March 18, 2018 | ° F

Hoja’s food tastes less ‘vomit-inducing’ than U. students claim

Photo by Dennis Zuraw |

The resturant flaunts a vibrant color scheme.

The widespread adoption of the Internet has permanently altered the way society communicates. Information is now at the average person’s fingertips, available for distribution at previously unimaginable speeds.

Naturally, this technology has affected the world of food, providing a unique means through which the masses can communicate about various culinary matters. As a result, a single person’s opinion on a restaurant can now spread through the World Wide Web, reaching a wider audience than ever before.

On Sept. 13, user ”mookyvon” posted on the Rutgers subreddit, urging fellow Reddit users to refrain from visiting Hoja Asian Fusion, the newly opened Asian fusion restaurant located in Livingston Plaza. The initial post sparked a conversation involving several users who expressed similar sentiments.

Complaints mainly focused on the poor quality of food, which was described as “bland,” “flavorless” and “forgettable.” One user went so far as to say he almost vomited after dining at Hoja.

Photo: Dennis Zuraw

Food reviewer Matt Mikolay visited Hoja on Livingston campus after reading bad reviews and found the food to be of average take-out quality.

Photo: Dennis Zuraw

Food reviewer Matt Mikolay studies Hoja’s take-out style menu.

Photo: Dennis Zuraw

Mikolay said the beef lo mein tasted dull.

I’m never eager to consume vomit-inducing food, but I knew this was a matter I had to investigate further. After hearing the widespread criticism concerning Hoja, I felt it was necessary to experience the Asian fusion restaurant firsthand. Would I finish my meal at Hoja with the urge to heave? Or would I leave with a full stomach and a smile on my face? It was time to find out.

In appearance, Hoja is chic and stylish. The restaurant is decorated with a vibrant color scheme, including red, green and yellow walls adorned with gigantic plastic bowls of noodles and oversized utensils.

Dance music plays over the speaker system while hungry patrons sit at red and white tables. Altogether, Hoja’s atmosphere allows for customers to enjoy their food in a casual environment.

Hoja is not a sit-down restaurant — no table service is provided. Much like Burger King or Wendy’s, patrons wait in line to place their orders at a counter, and food is served atop trays on plastic plates with disposable utensils.

I started my meal with steamed pork and cabbage dumplings served with a dipping sauce, which tasted similar to a popular name brand bottled dumpling sauce. The filling of the dumplings offered a plain but dull pork flavor that lacked proper seasoning.

The finest pork dumplings delight the taste buds with a harmony of ginger, garlic, soy sauce and other spices in perfect balance. The Hoja dumplings were barely edible.

I proceeded to order the curry chicken, a familiar mixture of carrot, onion, potato and chicken in a curry base. Accompanied by a generous portion of white rice, the curry base seemed flat, lacking the flavor complexity of other curries I’ve tasted in the past.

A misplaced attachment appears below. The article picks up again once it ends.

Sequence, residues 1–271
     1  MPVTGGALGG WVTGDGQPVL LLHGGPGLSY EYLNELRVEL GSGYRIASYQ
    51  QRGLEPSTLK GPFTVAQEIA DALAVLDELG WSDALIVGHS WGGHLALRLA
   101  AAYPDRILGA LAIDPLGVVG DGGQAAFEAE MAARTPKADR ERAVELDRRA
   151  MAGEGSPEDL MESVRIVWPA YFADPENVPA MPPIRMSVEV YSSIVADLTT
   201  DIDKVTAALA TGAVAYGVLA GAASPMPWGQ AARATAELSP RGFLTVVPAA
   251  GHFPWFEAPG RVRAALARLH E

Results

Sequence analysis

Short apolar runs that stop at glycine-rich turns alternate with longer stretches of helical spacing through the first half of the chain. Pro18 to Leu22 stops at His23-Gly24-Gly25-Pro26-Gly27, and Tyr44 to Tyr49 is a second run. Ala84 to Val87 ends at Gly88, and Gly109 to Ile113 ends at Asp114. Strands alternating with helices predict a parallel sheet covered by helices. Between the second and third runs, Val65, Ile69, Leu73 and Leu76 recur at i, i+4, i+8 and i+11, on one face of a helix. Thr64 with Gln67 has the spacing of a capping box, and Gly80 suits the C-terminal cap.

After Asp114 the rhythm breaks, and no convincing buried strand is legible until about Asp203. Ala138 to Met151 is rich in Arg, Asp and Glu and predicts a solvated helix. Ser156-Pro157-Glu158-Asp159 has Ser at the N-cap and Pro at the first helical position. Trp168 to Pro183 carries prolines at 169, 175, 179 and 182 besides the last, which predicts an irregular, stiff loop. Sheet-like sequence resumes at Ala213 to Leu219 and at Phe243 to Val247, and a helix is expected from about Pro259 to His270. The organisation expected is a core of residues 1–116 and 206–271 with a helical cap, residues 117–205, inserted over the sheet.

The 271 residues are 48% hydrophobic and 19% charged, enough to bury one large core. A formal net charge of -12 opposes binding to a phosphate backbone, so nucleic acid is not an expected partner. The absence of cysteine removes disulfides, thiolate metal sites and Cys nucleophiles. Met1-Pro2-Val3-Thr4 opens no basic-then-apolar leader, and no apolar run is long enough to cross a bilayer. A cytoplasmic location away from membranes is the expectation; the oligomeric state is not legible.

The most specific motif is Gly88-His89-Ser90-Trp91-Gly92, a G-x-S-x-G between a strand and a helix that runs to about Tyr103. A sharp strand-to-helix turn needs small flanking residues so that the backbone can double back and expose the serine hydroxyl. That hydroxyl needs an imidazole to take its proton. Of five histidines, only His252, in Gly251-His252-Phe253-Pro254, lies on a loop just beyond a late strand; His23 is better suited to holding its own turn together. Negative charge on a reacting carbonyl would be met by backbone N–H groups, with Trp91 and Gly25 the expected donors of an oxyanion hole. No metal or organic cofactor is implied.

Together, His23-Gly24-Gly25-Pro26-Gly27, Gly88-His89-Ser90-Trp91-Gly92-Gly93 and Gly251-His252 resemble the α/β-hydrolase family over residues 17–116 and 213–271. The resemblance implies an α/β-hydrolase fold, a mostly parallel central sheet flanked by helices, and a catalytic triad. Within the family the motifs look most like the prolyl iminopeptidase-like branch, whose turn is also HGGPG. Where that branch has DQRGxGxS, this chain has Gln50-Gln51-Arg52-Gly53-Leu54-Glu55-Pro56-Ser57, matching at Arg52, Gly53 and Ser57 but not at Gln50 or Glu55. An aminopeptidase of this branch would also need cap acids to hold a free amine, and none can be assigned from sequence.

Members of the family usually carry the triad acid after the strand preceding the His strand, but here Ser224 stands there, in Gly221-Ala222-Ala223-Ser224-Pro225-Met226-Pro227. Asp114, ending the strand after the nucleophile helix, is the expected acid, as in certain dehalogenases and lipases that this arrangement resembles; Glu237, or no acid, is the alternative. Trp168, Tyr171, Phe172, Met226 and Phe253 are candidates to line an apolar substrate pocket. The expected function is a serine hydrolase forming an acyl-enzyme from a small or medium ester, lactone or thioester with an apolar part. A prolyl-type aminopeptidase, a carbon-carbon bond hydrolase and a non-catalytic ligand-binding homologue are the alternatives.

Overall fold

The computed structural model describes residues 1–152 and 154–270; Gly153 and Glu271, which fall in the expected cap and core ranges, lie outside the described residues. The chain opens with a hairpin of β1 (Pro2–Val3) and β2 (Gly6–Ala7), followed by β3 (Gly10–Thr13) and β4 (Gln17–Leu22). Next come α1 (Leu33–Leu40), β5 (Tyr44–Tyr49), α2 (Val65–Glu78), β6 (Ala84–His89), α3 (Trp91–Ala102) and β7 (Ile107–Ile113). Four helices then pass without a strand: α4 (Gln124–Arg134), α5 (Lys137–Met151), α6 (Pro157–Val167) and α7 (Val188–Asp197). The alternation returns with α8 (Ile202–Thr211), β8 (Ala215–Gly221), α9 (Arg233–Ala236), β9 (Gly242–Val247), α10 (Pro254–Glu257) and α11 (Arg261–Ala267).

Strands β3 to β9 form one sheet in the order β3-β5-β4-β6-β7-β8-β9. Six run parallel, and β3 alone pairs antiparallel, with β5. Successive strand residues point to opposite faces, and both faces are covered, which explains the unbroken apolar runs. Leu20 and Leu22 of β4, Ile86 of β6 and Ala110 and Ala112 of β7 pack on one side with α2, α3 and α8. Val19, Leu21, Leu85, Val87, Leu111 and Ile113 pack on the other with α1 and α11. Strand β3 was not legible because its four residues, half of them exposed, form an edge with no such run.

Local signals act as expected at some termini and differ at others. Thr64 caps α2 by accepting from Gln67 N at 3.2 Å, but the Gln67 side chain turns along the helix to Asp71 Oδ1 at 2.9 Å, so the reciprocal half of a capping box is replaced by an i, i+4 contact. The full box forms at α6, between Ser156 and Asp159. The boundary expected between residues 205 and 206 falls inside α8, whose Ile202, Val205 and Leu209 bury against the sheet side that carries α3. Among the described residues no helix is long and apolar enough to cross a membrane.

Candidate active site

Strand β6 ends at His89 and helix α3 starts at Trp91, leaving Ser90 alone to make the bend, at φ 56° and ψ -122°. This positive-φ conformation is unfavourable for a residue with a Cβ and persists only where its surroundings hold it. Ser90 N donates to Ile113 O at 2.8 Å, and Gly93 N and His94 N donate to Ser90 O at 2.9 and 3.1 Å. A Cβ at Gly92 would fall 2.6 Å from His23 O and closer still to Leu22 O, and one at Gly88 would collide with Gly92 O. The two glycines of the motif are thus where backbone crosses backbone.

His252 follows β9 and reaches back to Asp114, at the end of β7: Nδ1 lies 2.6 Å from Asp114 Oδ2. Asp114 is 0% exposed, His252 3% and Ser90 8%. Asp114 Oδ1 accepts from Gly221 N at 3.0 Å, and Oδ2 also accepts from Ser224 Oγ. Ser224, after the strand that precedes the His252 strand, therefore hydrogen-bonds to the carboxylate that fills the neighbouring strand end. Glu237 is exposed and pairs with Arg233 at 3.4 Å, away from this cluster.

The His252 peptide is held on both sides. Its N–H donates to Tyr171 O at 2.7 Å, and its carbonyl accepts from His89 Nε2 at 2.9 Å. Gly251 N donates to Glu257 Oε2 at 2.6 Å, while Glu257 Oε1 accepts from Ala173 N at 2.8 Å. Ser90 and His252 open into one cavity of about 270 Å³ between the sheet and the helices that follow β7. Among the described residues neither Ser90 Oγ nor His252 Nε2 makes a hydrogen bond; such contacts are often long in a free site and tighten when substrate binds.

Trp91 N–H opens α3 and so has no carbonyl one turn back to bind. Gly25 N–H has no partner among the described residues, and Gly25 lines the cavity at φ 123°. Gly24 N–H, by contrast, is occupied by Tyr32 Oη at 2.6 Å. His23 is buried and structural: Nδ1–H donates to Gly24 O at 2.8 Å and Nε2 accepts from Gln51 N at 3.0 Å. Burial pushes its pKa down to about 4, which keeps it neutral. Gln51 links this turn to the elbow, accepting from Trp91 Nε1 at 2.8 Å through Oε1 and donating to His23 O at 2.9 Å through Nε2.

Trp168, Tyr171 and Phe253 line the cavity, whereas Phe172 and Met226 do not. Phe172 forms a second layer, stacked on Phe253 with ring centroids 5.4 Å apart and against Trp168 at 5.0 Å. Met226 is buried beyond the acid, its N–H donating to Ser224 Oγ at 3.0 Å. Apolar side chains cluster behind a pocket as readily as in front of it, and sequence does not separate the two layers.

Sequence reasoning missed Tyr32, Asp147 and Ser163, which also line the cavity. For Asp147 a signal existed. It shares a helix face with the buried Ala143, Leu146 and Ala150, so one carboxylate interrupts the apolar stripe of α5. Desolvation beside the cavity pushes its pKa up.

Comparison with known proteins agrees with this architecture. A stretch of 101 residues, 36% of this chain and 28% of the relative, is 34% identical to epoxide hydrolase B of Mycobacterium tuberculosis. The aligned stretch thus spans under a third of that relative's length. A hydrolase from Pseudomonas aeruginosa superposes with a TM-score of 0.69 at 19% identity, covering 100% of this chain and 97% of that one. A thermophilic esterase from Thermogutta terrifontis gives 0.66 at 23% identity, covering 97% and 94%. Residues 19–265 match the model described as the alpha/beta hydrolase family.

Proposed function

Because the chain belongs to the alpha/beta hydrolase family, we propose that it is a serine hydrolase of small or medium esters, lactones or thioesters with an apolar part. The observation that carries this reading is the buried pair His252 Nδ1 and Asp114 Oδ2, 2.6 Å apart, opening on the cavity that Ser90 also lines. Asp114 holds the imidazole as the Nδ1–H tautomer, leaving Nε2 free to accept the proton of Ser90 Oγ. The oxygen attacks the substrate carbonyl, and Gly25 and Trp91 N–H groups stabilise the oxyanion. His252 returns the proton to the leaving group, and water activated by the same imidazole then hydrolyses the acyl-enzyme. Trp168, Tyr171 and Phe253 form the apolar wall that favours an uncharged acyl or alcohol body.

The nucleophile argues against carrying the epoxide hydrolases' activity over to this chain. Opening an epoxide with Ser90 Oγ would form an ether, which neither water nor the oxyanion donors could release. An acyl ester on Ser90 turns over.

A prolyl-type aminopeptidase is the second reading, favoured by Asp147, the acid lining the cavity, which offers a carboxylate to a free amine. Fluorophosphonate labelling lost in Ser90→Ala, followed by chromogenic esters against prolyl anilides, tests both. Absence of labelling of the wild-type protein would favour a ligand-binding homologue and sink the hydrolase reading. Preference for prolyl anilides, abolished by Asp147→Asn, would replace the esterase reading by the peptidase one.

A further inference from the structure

The beef lo mein was most disappointing of all. The noodles were devoid of the conventional, strong saucy flavor associated with the dish. It’s not that too little sauce was present, but the sauce’s flavor seemed dull in comparison to typical takeout lo mein.

Along with my meal, I chose to order the “Traditional Milk Tea with Tapioca,” a standard black milk tea found in nearly every bubble tea cafe. I was aware of the complaint expressed on Reddit that the bubble tea at Hoja was 95 percent ice. Surprisingly, my bubble tea contained no ice at all — it was just a light milk tea mixed with tapioca pearls and served in a plastic cup covered with cartoon elephant characters.

The bubble tea wasn’t too sweet and it possessed a slightly powdery quality. The tapioca pearls were the softest and smallest I’ve ever had. Their diminutive size resulted in clumps frequently clogging the beverage’s straw.

The food I experienced at Hoja was far from amazing, but I don’t believe the Asian fusion restaurant deserves the harsh criticism it received on the Rutgers subreddit. Nothing I ate was unappetizing enough to be labeled vomit inducing.

Yes, I’ve eaten much better Asian food at other restaurants, but Hoja needs to be accepted for what it is — takeout-quality Chinese food. They even include the ubiquitous “Have A Nice Day” smiley face bag for carryout orders.

Hoja attempts to mass-produce takeout-style Asian food in a fast food environment, a sort of dim sum McDonald’s. Therefore it should not be held to the same standards as more formal, sit-down restaurants.

Do not expect the finest pad thai, the most outstanding Kung Pao chicken nor the world’s greatest b?ozi. Though none of the menu items I tasted impressed me, the food was on par with many of the takeout restaurants I’ve visited in the past.

Hoja’s food is of average quality, much like the fare found at other eateries located in New Brunswick. Fans of takeout might be interested in trying out Hoja in Livingston Plaza. Students with higher standards will be better off passing by.

By Matt Mikolay

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